Pot Psychosis May Be Gene-Related
Scientists identify genetic variant that could explain mental impairment in marijuana users
URL of this page: http://www.nlm.nih.gov/medlineplus/news/fullstory_131507.html
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Tuesday, November 20, 2012
The growing acceptance of medical and recreational marijuana means more people will be at risk for cannabis-induced psychosis, the researchers noted. They also said there is emerging evidence that marijuana use during adolescence may increase the risk of developing schizophrenia, a serious psychotic disorder.
The study of more than 700 people focused on the AKT1 gene. It's involved in dopamine signaling, which is known to be abnormal in psychosis. Dopamine is a neurotransmitter that plays an important role in mental health.
"We found that cannabis users who carry a particular variant in the AKT1 gene had a twofold increased probability of a psychotic disorder and this increased up to sevenfold if they used cannabis daily," wrote Dr. Marta Di Forti, of King's College London's Institute of Psychiatry in England, and colleagues. "Our findings help to explain why one cannabis user develops psychosis while his friends continue smoking without problems."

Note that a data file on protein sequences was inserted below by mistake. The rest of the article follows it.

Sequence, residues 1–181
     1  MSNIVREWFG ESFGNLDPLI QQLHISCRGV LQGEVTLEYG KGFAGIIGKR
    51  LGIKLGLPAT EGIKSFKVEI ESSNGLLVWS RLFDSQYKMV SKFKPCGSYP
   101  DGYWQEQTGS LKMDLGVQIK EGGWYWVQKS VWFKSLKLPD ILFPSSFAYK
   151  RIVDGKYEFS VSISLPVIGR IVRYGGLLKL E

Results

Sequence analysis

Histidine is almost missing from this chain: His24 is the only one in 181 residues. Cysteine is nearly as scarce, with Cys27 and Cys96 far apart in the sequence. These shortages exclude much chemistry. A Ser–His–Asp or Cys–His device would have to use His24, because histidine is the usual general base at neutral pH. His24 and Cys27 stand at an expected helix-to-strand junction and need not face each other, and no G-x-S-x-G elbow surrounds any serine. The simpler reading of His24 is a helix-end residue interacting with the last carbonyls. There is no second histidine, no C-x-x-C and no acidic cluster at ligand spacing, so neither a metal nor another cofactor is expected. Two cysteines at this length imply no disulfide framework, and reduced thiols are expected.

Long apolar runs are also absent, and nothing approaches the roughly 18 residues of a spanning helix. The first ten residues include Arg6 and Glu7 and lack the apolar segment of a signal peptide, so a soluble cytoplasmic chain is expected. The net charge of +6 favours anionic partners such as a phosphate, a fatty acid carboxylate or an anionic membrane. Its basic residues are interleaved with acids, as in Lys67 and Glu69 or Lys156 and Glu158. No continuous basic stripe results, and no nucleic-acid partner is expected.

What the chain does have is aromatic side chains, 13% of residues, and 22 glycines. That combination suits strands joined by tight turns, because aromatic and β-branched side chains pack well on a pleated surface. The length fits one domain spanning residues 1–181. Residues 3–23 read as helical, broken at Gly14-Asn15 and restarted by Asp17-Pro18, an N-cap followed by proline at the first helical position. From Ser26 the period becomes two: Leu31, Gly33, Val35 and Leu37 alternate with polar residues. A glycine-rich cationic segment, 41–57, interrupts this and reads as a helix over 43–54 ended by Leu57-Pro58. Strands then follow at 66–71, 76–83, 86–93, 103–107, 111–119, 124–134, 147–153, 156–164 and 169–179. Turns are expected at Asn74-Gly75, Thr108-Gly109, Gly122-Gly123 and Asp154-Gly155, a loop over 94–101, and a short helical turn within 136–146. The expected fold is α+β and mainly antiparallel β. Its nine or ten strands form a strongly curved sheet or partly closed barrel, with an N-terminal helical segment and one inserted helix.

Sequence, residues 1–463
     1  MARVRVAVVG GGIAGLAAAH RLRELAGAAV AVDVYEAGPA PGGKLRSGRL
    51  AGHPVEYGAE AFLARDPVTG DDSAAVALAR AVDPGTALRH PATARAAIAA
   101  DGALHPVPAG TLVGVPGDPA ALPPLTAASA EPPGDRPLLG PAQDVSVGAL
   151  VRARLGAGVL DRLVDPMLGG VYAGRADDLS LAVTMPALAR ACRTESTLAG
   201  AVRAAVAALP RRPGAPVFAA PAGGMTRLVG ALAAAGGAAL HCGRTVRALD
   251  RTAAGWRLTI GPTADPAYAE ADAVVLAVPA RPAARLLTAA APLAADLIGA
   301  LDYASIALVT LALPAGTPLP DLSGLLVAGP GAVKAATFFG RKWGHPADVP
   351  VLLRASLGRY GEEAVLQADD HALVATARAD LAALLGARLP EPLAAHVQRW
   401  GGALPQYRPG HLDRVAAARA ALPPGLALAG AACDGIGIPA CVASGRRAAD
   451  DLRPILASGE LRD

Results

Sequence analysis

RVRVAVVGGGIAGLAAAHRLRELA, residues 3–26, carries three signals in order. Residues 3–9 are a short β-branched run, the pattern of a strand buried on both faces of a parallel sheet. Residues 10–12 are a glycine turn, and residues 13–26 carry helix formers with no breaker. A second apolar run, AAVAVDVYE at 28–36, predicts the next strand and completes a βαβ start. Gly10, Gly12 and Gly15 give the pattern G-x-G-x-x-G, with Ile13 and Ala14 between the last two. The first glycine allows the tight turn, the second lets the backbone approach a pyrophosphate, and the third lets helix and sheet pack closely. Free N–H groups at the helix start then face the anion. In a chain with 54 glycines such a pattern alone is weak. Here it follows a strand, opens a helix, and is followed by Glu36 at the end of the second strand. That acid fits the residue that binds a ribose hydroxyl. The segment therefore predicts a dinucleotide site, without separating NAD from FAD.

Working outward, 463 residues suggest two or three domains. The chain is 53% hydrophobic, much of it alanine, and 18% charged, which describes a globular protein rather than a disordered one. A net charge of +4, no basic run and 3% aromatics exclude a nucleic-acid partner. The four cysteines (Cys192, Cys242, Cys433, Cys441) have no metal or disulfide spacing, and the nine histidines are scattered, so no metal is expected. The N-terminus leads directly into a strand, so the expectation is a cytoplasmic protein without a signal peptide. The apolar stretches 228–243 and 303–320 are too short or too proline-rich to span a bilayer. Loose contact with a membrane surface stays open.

Psychosis is typically characterized by marked personality changes, impaired functioning, and a distorted sense of reality.
The findings, published Nov. 15 in the journal Biological Psychiatry, "could also help to design health educational campaigns tailored to reach those young people at particular risk," Di Forti said in a journal news release.
While identification of this gene variant will not lead to the development of a test to assess people's risk for marijuana-related psychosis, it does reveal a genetic factor that could help lead to new treatments for the problem, journal editor Dr. John Krystal noted in the news release.
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